The ‘Skull Breaker Challenge’ Is The Dumbest Trend In Internet History



We’ve seen a ton of these dumb viral internet trends over the years – teenagers eating Tide pods, setting themselves on fire, knocking each other out, sucking shot glasses to get lips like Kylie Jenner, ‘jelqing‘ and so forth.

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I’m pretty confident that this new ‘skull-breaker challenge’ taking TikTok by storm is the dumbest trend of the lot though.

The NY Post explains exactly what it involves:

For the thankfully uninitiated, the viral stunt originated in Spain, where three students were filmed jumping next to each other as the two bookending buddies kick the middle guy’s feet out from under him. Go figure: The harebrained act sends the victim toppling to the ground, landing on their back and hitting the back of their head in the process. For whatever reason, the “skull-breaker challenge” took TikTok by storm, resulting in injuries across the US.

Here are some examples:

@ratheeshrmenonDon’t Do this act #tech #technology #malayalam #skullbreakerchallenge #trippingchallenge #tripping♬ original sound – Ratheesh R Menon

How stupid is that? Definitely one of the dumbest things we’ve ever seen on the internet and that’s saying something. It’s just one of those things that goes ridiculously viral out of nowhere despite (or because) it’s completely dangerous and ill-advised.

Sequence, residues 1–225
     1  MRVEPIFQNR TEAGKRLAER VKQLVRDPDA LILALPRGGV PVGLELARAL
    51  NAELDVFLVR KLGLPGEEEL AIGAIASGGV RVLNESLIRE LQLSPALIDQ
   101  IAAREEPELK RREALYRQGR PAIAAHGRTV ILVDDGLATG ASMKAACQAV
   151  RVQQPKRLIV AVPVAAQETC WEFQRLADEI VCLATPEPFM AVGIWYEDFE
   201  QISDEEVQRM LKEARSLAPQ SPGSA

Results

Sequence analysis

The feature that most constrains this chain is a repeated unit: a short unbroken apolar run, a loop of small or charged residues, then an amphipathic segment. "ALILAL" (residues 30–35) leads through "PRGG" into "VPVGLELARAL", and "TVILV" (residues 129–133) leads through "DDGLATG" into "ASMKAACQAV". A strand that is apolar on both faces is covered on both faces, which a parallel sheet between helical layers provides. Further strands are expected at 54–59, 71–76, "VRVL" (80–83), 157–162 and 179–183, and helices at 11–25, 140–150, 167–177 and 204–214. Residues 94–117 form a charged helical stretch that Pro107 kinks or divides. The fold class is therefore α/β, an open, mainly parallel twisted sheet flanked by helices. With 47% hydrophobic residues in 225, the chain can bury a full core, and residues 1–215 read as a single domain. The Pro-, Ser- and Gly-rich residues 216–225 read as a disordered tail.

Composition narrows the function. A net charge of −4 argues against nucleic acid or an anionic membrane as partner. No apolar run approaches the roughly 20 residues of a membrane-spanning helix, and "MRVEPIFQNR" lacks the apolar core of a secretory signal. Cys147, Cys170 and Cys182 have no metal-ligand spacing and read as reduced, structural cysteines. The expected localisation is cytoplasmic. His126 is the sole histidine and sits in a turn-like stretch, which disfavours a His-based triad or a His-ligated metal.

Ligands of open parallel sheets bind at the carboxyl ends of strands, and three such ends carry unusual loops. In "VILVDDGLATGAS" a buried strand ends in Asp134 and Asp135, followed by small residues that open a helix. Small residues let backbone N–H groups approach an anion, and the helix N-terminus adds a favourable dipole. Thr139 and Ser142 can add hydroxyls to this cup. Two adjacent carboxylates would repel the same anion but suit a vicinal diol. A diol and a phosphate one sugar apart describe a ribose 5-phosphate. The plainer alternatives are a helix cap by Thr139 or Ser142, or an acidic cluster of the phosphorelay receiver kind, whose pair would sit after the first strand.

So many of these videos are going viral that #StopTheSkullBreakerChallenge has begun to trend on Twitter, so that’s good. Even doctors are releasing fake skull breaker videos on TikTok to warn of the dangers:

@heliosberlinbuchStoppt die #skullbreakerchallenge. Die ist echt gefährlich und ihr könnt euch richtig verletzen… #fy #foryou #fürdich #nurse #neinneinnein

♬ Nein (feat. Camira) – Mike Singer

Doctors have condemned the practice for its potentially fatal outcome, reports Yahoo News. The “skull-breaker challenge” can cause a host of “serious and life-threatening injuries,” ranging from “skull fracture to paralysis, and death,” according to Nathan Richards, MD, an internal medicine and pediatrics specialist at the Ohio State University Wexner Medical Center.

Denise Klinkner, a pediatric surgeon at the Mayo Clinic in Minnesota seconded Richards’ statement to Yahoo News. “In spite of knowing this is the intent, the falling teen rapidly lands without blocking the fall, leading to at minimum a concussion,” she says. Klinkner adds that “an outstretched hand to block the fall may lead to a broken wrist or arm.”

So yeah, if anyone ever asks you to jump in the air for whatever reason – don’t. Or if you see someone else being asked to do the same – stop them.

Keep away from the ‘perineum sunning’ trend also – Josh Brolin tried it and all he got for his troubles was a sunburnt asshole.



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